L2 Learners’ English Prepositional-Phrase Processing with Consideration of L2 Proficiency and Word Familiarity: A mixed-effect Analysis

A considerable number of studies have hitherto examined how native speakers and second language (hereafter L1 and L2, respectively) learners of English process English prepositional phrases. It is usually thought that both L1 and L2 speakers have a preference for verb phrase modification (e.g., The boy broke the old window with a ball of snow.) over noun phrase modification (e.g., The boy broke the old window with a view of snow.). However, little research has attempted to reveal how non-structural factors interact with L2 learners’ prepositional phrase processing. In this study, I examined whether L2 learners’ syntactic processing preference for prepositional-phrase attachment was affected by their L2 proficiency and word familiarity with reading time data obtained from the word-by-word self-paced reading task. In addition, the possibility that L2 syntactic priming is influenced by such non-syntactic factors was also investigated. The research results showed that L2 learners’ prepositional-phrase processing and syntactic priming were not subject to those factors, indicating that in prepositional phrases, there was no interaction between L2 learners’ syntactic processing and those non-syntactic elements.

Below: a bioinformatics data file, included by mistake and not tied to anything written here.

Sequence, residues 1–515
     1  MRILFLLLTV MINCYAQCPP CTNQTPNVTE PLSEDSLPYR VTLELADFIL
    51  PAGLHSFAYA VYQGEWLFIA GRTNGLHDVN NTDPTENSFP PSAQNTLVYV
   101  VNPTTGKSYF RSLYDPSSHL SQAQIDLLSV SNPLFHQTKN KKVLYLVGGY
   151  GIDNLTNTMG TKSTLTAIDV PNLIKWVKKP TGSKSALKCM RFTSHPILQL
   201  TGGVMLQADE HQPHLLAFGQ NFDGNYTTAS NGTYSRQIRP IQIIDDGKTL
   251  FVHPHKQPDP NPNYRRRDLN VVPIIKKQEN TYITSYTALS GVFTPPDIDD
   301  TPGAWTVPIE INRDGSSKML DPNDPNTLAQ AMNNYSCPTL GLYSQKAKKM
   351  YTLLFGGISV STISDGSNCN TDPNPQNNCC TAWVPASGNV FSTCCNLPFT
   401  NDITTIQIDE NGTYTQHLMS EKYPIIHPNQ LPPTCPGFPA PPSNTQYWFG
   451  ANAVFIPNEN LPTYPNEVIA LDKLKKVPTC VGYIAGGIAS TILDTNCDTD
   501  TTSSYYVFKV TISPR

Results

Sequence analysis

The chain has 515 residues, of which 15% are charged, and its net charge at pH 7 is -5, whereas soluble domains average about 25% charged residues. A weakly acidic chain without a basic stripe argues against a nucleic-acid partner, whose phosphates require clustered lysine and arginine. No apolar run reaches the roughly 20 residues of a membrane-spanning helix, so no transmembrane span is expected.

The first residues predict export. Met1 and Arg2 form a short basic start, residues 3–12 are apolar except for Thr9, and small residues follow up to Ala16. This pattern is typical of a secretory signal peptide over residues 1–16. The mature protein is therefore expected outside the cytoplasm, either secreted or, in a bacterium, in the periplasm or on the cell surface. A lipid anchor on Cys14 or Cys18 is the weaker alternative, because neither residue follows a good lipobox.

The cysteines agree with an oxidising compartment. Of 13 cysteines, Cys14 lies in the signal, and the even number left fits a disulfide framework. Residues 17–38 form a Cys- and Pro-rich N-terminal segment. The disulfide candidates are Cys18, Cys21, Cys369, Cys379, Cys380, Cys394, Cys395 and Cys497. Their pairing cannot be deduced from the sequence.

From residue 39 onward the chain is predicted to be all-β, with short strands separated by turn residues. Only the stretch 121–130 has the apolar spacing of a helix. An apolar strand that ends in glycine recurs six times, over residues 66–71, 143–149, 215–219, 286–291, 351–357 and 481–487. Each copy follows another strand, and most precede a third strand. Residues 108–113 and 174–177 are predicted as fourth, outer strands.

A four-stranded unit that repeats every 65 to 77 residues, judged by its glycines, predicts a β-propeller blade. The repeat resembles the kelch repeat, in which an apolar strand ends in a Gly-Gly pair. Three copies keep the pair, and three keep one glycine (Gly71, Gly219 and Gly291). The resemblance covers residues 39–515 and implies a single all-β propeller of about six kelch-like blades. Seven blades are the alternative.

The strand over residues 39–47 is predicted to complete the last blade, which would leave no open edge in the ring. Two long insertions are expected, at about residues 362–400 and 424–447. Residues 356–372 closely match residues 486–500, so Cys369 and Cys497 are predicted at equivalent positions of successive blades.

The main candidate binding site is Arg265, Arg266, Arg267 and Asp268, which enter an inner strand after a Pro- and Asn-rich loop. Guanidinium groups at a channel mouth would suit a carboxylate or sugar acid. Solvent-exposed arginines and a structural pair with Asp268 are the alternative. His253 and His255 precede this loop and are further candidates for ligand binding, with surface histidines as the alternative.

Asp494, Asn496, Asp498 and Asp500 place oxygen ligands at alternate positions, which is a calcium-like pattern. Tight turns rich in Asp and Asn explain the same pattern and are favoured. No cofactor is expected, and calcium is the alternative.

Full Text: PDF     DOI: 10.15640/jehd.v5n1a10